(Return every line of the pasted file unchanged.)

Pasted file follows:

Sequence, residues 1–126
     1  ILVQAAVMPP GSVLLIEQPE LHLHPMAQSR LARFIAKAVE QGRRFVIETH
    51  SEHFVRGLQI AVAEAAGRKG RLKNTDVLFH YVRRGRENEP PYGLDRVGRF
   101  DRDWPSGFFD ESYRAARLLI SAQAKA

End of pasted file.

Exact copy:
Sequence, residues 1–126
     1  ILVQAAVMPP GSVLLIEQPE LHLHPMAQSR LARFIAKAVE QGRRFVIETH
    51  SEHFVRGLQI AVAEAAGRKG RLKNTDVLFH YVRRGRENEP PYGLDRVGRF
   101  DRDWPSGFFD ESYRAARLLI SAQAKA